AN APOLOGUE.* We remained nearly two hours with Mrs. Aspen, and I could not help frequently listening to her conversation

The rainy season had left a large pool in the desert close with Mrs. Arnold. “ I almost wonder to hear you speak

upon the banks of the mighty river Euphrates. In a of it as a dull day," the old lady exclaimed, “ pardon

day or two it's waters settled into the most limpid clear. me, my dear Mrs. Arnold, but I must say, I did not

ness, and gently ruffled with the wind, and reflecting the suppose that you found the Sabbath so dull a day.

blue sky, it promised most agreeable refreshment to the You are nit ignorant, I think of the enjoyments of

thirsty neighbourhood. Accordingly, attracted by both religion. I know that you have many hindrances in

novelty, and also wishing to save themselves the trouble your family, too many, fur though your husband is a

of going farther to the river, a troop of wild asses made it great favourite with nie, he thinks of little beyond this

their watering place. For many days it supplied them world. I have not scrupled to tell him so. I fear

to their hearts content. At length, however, the sun that religion in many families is rather known by a

began to have a visible effect. It grew more and more

shallow, and its waters more and more tepid, until, one few unpleasant restrictions, than felt as the inspir. ing spirit of life, and joy, and peace. It has been

day, the whole troop of wild asses, disappointed and dissaid, that the way in which the Sabbath is kept, may

gusted, pawed up the muddy bottom, and rolled in the be made the test of the real state of religion in a family.

tepid waters, and having reduced it to the state of a foul I ain not surprised, that with many it is the most

puddle, deserted it. In a few days more it was dried irksome day of the week. What can be more tedious

up, and its place could no more be found. Meanwhile to a mind that has no holy dread of sin, no delight

the broad, deep, unpolluted Euphrates again became the

watering place. in prayer, or in the prospects of happiness beyond this world, than to be not only without employments,

Like to this pool are all the systems which human un

| derstanding sets up for truth. And for a while they are but without amusements. If the mind cannot find employment and delight in spiritual pursuits on the Sab

resorted to as the wells of true knowledge. The deep,

clear, and never-failing stream of the Gospel is deserted bathi, and has yet too strict a sense of the demands of the Most High, to give itself up to its usual wordly

for them by the lovers of idleness and novelty, and

paradox. They are found to be more and more shallow, occupations, then indeed the Sabbath must be a weari.

and at last are rejected in disgust and contempt, and ness to it. I can only compare its state to that of a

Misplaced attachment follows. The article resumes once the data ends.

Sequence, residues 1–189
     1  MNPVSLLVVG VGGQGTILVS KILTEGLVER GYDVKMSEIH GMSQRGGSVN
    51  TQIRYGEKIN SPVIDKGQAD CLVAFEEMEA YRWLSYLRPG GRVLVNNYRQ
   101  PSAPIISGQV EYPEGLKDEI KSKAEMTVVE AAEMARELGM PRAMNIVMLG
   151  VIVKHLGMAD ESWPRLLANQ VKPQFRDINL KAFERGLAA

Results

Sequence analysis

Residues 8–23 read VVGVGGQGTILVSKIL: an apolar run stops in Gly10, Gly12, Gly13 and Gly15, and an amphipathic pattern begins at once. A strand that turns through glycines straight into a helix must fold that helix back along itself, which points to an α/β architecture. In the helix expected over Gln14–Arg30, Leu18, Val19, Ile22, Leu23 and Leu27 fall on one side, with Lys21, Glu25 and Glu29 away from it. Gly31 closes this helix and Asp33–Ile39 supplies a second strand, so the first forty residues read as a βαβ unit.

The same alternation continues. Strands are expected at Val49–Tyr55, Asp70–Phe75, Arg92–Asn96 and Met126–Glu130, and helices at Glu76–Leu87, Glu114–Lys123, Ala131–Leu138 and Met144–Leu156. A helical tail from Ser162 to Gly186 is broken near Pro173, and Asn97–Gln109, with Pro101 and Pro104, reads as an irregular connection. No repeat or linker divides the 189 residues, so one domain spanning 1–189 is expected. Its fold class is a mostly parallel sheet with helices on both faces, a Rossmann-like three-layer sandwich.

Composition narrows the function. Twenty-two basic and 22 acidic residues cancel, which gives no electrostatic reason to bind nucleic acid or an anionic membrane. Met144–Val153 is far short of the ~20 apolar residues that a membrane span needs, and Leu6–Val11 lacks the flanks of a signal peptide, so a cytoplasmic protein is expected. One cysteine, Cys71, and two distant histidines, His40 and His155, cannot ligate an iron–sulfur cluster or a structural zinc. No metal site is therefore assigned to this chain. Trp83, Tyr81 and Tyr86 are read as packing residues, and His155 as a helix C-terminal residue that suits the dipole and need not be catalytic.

vanishes away. The Gospel is again sought, and is found person, who has set his feet within the boundaries of a

to be the only true stream of the waters of life, and on land of celestial enjoyments, but who turns away from

it flows from age to age, from land to land, administering the contemplation of them, who will not even taste and

to generation after generation, from its inexhaustible see how full of delight they are, but who stands looking

springs of heavenly truth, joy, and comfort. back with anxiety, and sighing for the poor pleasures of the land he has left. Depend on my words, my dear friends, you will not find the yoke of Christ easy till

We received the above Apologue from a highly valued you try to wear it. You will not find the services of

friend, and we give the following extract from the letter the Lord a joyous freedom till you seek to love Him,

which accompanied it. with all your heart, with all your mind, and with all your soul. Certainly the Lord's day should not be

... The following A pologue has just come into my

head. Perhaps something may come into your head to made a dull and gloomy day. The countenance should

point and extend the application, and show how the be more cheerful, the heart more contented, than on | Owenites are wild asses. any other day. The day on which God rested from the

We find, as a case in point, the following account in work of the creation, and which He sanctified, should

The Christian Spectator, which, however, had reached us be a day of calm happiness. The day on which Jesus

before it appeared in print. At the Annual Meeting of Christ rose from the dead, and triumphed as the son of

the Religious Tract Suciety, in Birmingham, the 22 of man over sin and the grave, should be a day of grateful